Seeking abstracts for the regular session on African American Literature that address the acts of remembering, reimagining, and the rememories of displacement, travel, and exile across the Black Atlantic in contemporary African American literature. This includes but is not limited to such topics as: fictional recreations of the middle passage, contemporary engagement with the trauma of slavery, Neo-slave narratives, cultural memories of slavery, re-crossing the middle passage, return to Africa narratives, exile (spiritual, cultural, or literal) from a "Mother" country, the American South as a site of home and/or horror, flying Africans, ghosts of slavery, and depictions of slavery/middle passage in African American graphic novels.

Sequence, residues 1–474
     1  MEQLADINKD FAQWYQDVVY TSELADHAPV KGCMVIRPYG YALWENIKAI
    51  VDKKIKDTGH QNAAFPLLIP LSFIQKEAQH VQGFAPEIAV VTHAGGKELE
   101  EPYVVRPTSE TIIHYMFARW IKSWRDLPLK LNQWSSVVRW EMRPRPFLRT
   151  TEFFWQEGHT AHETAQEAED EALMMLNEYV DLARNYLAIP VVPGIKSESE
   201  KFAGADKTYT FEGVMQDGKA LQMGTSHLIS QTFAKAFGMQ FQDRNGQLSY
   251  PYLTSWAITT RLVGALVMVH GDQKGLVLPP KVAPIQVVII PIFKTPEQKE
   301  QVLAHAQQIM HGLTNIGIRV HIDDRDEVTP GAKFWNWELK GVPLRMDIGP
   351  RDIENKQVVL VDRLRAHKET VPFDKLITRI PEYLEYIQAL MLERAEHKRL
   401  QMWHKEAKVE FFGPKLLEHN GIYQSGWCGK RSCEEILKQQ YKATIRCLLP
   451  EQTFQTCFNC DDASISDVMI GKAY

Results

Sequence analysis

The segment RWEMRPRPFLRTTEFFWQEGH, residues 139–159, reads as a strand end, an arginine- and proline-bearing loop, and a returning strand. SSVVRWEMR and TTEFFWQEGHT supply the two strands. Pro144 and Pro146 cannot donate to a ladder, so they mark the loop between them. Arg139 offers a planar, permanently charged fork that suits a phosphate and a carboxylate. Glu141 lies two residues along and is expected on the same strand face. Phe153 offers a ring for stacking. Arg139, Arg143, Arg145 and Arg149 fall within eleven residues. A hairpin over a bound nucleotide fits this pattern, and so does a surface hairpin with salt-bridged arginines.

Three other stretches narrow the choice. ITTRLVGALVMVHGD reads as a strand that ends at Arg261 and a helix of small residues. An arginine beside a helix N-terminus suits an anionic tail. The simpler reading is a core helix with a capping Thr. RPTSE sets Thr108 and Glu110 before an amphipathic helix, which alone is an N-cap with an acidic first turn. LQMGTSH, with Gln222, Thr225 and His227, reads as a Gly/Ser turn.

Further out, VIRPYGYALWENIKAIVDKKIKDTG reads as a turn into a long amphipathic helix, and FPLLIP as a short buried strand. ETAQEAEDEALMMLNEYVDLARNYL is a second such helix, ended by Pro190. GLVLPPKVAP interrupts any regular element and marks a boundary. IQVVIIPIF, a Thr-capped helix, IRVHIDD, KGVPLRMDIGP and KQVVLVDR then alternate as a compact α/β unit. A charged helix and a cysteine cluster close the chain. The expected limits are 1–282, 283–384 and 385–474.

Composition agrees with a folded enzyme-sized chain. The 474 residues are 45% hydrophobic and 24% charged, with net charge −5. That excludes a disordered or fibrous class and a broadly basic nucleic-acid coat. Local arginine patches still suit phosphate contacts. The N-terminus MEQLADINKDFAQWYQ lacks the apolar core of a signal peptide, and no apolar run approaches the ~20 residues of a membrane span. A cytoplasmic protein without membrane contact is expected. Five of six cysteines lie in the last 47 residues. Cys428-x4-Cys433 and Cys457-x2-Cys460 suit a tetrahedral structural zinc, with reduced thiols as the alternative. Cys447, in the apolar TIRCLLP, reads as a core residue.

In September 2012 an interdisciplinary conference at Sutton House in London will mark the centenary of the death of Octavia Hill. Best known for her housing reform, Hill was also instrumental in founding such diverse present-day institutions as the National Trust, the Chartered Institute of Housing, the Army Cadet force, and Family Action (originally the Charity Organisation Society). In a political climate which once again emphasizes the kind of privately-financed social action that Hill applauded, and where the preservation of open space and the provision of homes are again contentious, a re-evaluation of her life and legacy seems particularly timely.